The other day I was backstage getting ready for a show when I had a thought; “I can’t wait until the shows are over tonight so I can eat” and friends, I’d be lying if I told you this was the first time I’ve had a thought of this sort. No, no, I’m not referring to thoughts about food- although that does take up a significant portion of my brain space- I’m talking about the thoughts of what’s next while you’re still in the midst of right now. Or rather, placing more value on what’s coming up rather than what is currently happening.
The funny thing is, I was excited for the shows that night earlier in the day. But when the time came, I only felt excited for what came next; sitting with my friends and fellow cast members, eating food, but most prominently, enjoying the satisfaction of having just finished two high-intensity shows. The act of actually performing those shows seemed daunting to me now. To my disappointment, I’ve observed this theme to be quite omnipresent in my life as a performer. In a current job, I start to think about how it will lead to the next. When preparing for a performance exam, I often feel an intense anxiety to get it over with so I can move on. Get through rehearsals to get to the performance, etc. After observing these patterns, I can’t help but wonder; Am I choosing the things I spend my life doing as a dancer purely for the results, accolades and ticked boxes they will supposedly bring?
I really enjoy dancing. I enjoy hearing music that implores me to move. I enjoy moving in a way that brings about gratifying physical sensation. I enjoy the satisfaction that comes from executing difficult choreography correctly. I enjoy the pride of finally stepping on stage in full costume, hair and makeup after weeks of sweaty, sore, tired, makeup-less rehearsals. I enjoy creating my own movement. I enjoy performing for an engaged, lively audience. It’s clear to me that I enjoy many aspects of dancing, so no, I don’t believe I choose to do things just for the aforementioned results, accolades and ticked boxes. So if that’s true, why do I still find myself so frequently thinking of what it brings next?
I think a lot of it stems from both the inherent vulnerability and volatility of being a working dancer. It’s scary shit. Not only do you have to deliver an honest, authentic version of yourself both in process and performance but that person also has to be polished, well-rehearsed and within the confines of someone else’s vision. And then on top of that, you have the knowledge that your next job is never guaranteed looming over your head. It’s enough to make a person constantly think about what’s next, whether that be their next job or accomplishment or simply their next moment to rest. What I’m trying to do is create an environment in my mind wherein I feel present enough to enjoy the things I know I enjoy in dance without thinking of what comes next.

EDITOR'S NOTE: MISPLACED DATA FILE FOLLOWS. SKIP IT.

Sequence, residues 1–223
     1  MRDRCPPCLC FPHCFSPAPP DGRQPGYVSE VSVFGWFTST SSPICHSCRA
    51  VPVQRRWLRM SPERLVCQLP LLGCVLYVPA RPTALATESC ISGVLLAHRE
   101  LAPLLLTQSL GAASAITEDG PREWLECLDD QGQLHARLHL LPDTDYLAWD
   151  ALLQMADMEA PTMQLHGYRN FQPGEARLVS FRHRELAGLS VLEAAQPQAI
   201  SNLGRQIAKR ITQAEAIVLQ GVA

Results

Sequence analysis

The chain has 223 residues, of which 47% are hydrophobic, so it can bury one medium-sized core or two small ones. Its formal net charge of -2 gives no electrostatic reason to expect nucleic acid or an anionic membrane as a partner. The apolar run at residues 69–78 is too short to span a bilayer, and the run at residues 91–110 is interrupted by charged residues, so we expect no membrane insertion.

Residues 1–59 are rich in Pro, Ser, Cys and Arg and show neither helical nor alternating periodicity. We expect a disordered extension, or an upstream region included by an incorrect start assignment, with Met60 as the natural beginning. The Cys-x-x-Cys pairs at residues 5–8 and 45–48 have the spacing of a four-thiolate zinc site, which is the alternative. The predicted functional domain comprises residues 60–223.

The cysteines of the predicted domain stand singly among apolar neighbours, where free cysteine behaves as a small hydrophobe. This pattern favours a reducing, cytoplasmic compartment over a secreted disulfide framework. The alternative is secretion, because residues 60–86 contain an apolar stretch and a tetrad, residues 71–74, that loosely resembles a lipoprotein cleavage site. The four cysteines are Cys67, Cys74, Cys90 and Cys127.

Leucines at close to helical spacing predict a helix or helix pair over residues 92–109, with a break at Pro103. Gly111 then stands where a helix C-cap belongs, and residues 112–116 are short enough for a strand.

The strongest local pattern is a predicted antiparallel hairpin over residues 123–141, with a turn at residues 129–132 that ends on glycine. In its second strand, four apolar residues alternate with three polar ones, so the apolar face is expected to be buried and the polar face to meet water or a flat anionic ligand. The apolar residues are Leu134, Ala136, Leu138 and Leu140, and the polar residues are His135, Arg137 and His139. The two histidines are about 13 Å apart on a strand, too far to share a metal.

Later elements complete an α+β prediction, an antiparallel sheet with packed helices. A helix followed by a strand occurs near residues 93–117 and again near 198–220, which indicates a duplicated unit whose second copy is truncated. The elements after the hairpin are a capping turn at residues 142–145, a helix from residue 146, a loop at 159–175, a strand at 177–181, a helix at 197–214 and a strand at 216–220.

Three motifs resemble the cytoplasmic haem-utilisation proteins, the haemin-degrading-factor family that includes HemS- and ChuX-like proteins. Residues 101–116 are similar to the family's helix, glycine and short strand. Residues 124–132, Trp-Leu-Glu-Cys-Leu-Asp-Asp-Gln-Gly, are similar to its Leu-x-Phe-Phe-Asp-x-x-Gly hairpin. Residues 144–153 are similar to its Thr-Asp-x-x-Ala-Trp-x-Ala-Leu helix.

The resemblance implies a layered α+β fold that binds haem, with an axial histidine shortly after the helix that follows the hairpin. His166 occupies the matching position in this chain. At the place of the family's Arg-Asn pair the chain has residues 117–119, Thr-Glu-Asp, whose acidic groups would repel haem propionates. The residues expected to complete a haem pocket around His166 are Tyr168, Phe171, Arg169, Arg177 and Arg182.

Something I’ve been doing recently to try and achieve this enjoyment of things I know I enjoy (sounds silly I know), is referring to a small list of mid-show check-ins to bring me back into the present and to reconnect me with why I’m here. I plan to write a whole separate post on this, but I want to share my two favorites with you right now:
- Who are you doing this for?
These are two simple things I can quickly bring my mind to focus on that successfully pulls me back into the joy of performing. I like to use “Who are you doing this for?” when I’m feeling disconnected, like I’m just going through the motions or feeling a lack of energy. I usually pick myself at either of two different, specific past stages in my life as the person I’m doing this for and I find it very useful in reconnecting me to my ‘why’. I should note, I always answer that question prior to the show and then remind myself mid-show should I need to. The second, “Breathe”, albeit overused, still garners significant praise. I like to use this when I find myself thinking about too many things on stage- what job I’m gunning for next, the next piece in the show that kicks my ass, how good sleeping is going to feel. It helps to have just one thing to focus on and it actually does have beneficial physical effects since dancing, as we know, requires more oxygen than we seem to remember to give. I am a better dancer when I breathe, this I know for sure.
As a disclaimer, I want to mention that there is nothing wrong with having a next step or bigger goal in mind. What’s detrimental is the belief that this next step or bigger goal will bring more joy than the current process. There’s a lot of happiness and fulfillment to be experienced in the small steps towards something bigger, even if you’re not sure what that bigger thing is. I’m currently reading The Happiness Project by Gretchen Rubin, and I want to leave you with a quote from the book to reinforce my thoughts. She says, “If I can enjoy the present, I don’t need to count on the happiness that is (or isn’t) waiting for me in the future. The fun part doesn’t come later, now is the fun part.”